The original impression of the atlas was published in approximately 3,300 copies in October 1978 and was sold out approximately six years later. Despite continued demand for the work, reprinting it for a market whose size defied easy prediction presented daunting economic problems. The work was declared out of print, and all rights were assigned to the editor. In January 1987 Oxford University Press, New York, approached the editor and initiated discussions which ultimately resulted in the present impression of the work. Among the many questions considered over the en- suing years were what to keep, what to change, and what to add; how to fit work on the atlas into the editor's other substantial research and writing commitments; what, if anything, to do differently for a South Asian and a non-South Asian market; and what efforts, if any, to undertake for a substantial revision and the drawing of new map plates. From a technical standpoint, it was also necessary to determine the suit- ability of the film for the original maps for high quality reproduction thirteen or fourteen years after their original use. That film, weighing several hundred pounds, was sent to a printing plant in Hong Kong early in 1989 and test proof runs of four sample maps subsequently demonstrated that it was still of good quality.
Several factors weighed against a complete revision of the atlas and even against drawing a limited set of most needed new maps, specifically maps relating to the prehistoric period for which the explosion in knowledge might have justified a totally new exposition and others relating to the years since the terminal dates of existing map plates relating to the post-independence period. To have embarked on such a course would have inevitably entailed a major fund-raising effort, the recruitment of a new atlas staff, and a commitment to several years of additional effort. The out- come would have been a long delay in publication, an attendant inability to satisfy the needs of those wishing to obtain the atlas as soon as possible, a substantial increase in the unit cost of the work, and, very likely, a diminution in the number of libraries and individual scholars who could afford it. Under these circumstances, the compromise adopted was to update certain portions of the atlas in textual form, with a limited amount of ancillary graphics and statistical tables, to make the discussion as place-specific as practicable, thereby permitting readers—aided where necessary by the old and new atlas tables of contents and indexes—to relate the new text to the already existing atlas maps and text. It was also agreed, given the very extensive changes that had taken place in the internal administrative structures of most coun- tries of South Asia, that a new administrative map was needed to replace the 1975 transparent end cover overlay map that formed part of the original impression.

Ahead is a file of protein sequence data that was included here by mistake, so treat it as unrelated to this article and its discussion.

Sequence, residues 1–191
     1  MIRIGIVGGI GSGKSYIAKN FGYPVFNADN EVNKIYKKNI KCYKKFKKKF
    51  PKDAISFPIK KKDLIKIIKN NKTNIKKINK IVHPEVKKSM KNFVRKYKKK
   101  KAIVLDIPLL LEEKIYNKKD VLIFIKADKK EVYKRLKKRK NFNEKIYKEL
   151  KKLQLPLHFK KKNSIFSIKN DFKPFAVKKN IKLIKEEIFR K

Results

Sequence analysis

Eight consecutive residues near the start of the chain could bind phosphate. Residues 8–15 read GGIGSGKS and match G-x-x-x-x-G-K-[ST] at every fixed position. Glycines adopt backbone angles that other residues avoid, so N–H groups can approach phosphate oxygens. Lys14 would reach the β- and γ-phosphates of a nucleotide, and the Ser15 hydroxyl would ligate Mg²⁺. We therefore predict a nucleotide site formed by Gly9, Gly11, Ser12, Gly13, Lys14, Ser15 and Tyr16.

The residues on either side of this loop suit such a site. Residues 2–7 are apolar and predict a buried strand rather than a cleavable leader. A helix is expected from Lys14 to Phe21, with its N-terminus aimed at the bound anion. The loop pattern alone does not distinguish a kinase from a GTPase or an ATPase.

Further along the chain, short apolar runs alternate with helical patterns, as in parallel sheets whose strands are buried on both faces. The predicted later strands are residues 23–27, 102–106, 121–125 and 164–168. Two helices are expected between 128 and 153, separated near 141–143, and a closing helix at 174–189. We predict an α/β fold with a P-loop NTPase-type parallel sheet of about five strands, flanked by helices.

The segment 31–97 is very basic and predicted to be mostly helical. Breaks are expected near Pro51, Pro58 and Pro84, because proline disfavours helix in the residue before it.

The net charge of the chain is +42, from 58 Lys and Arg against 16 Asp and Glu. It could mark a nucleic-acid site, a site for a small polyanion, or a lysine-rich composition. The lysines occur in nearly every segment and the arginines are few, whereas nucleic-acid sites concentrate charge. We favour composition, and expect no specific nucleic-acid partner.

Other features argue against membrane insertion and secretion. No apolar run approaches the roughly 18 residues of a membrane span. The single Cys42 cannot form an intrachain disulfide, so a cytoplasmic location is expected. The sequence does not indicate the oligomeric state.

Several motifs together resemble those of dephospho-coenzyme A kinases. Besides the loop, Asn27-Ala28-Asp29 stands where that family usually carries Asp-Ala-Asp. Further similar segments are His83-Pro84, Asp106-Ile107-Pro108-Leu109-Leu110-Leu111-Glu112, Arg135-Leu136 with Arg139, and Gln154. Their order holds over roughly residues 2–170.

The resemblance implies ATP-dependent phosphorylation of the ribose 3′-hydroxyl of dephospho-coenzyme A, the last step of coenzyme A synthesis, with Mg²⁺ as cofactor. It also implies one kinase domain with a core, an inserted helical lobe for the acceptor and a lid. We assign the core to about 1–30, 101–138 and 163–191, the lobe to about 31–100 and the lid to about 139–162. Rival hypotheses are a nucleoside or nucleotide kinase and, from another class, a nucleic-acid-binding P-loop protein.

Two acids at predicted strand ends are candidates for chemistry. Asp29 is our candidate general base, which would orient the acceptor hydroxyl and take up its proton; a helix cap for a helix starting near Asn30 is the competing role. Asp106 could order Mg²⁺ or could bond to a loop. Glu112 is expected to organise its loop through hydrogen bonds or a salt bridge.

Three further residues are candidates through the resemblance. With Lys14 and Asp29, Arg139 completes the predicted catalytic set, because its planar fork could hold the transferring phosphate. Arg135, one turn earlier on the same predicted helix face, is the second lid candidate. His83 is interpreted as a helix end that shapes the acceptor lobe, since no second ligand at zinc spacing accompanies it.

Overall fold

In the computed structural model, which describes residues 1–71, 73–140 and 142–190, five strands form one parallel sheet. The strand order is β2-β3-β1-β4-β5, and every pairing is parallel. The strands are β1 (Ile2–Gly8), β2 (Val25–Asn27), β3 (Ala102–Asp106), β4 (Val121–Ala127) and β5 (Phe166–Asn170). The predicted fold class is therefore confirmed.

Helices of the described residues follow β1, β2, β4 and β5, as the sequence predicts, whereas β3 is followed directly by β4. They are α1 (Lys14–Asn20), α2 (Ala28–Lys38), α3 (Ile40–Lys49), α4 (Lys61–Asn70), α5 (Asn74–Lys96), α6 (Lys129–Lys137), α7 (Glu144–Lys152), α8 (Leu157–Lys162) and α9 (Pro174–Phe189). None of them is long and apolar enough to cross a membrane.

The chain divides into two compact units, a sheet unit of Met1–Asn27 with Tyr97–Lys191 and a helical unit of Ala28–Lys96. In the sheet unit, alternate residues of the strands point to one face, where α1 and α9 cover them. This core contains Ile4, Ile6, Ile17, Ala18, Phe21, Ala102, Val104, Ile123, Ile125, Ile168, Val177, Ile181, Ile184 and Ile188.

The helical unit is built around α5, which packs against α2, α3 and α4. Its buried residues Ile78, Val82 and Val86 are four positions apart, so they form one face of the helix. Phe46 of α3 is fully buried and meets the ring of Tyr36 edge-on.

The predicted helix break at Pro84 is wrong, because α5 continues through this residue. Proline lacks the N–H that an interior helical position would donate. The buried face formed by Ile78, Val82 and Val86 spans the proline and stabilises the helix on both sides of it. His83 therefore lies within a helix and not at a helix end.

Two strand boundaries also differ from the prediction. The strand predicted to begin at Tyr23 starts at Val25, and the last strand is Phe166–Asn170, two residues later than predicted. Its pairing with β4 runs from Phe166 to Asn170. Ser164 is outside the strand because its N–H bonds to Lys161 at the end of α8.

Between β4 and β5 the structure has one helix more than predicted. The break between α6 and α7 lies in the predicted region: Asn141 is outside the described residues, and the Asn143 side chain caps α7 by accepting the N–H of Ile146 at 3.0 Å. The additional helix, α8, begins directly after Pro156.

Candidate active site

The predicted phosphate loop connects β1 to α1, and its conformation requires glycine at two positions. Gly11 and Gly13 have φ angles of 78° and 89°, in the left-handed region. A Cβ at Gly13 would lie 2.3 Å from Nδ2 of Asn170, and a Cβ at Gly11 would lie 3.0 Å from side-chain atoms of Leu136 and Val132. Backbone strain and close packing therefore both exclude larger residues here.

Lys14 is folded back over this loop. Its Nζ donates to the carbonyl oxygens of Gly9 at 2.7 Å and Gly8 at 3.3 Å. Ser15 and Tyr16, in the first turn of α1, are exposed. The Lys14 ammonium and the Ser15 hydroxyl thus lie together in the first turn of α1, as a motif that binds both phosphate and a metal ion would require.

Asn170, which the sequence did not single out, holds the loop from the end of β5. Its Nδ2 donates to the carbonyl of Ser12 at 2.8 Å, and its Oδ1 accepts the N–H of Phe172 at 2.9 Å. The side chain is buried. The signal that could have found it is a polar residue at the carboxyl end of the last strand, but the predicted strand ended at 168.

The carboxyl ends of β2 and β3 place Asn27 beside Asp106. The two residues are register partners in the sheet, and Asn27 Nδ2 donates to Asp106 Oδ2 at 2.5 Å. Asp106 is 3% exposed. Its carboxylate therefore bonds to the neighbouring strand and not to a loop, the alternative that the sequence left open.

In May 1990 a publishing contract was signed by the editor and Oxford University Press; work upon additional materials for the present impression commenced the following month. Two graduate research assistants worked on the atlas part-time throughout the summer months and others, as needed, during the ensuing year. Other assistance, to carry out a variety of clerical, secretarial, and cartographic tasks, was
Much of what we have included in the addenda to the original edition relates to some of the less pleasant aspects of modern South Asian history. We have attempted to present information on controversial subjects in as impartial and nonjudgmental a fashion as we could, fully recognizing the possibility of unconscious bias. While it is not our intention to highlight conflict and other forms of social malaise, we do hope that their exposition will heighten the awareness of those in a position to affect the course of events—which includes many more people than those normally de- scribed as leaders—of the pervasiveness, depth, persistence, and mounting gravity of problems that pose threats to the future viability of the region. At the same time, we hope that we have not failed to take adequate note of the numerous positive devel- opments during the post-independence period.
It is the hope of both the editor and Oxford University Press that a completely revised edition of the atlas will one day come to fruition and that it will incorporate much of the exciting new scholarship on South Asia, including many of the mono- graphic works of the "Subaltern School" of Indian historiography. The task of pro- ducing the contemplated new work, when and if it is actually undertaken, will un- doubtedly require several years of effort, at a minimum. Whether or not that effort will ultimately be made will depend in part on the interest which the present work engenders. South Asia is an area of the world that has contributed much to our common human heritage and it warrants substantially more scholarly concern than it has yet received as well as much greater interest and understanding among govern- ments, corporations, non-governmental organizations, and, above all, concerned world citizens. We hope that the atlas will continue to make a significant contribution to that needed understanding and to lend itself in some measure to an amelioration of the many and seemingly mounting problems that beset the region.
JOSEPH E. SCHWARTZBERG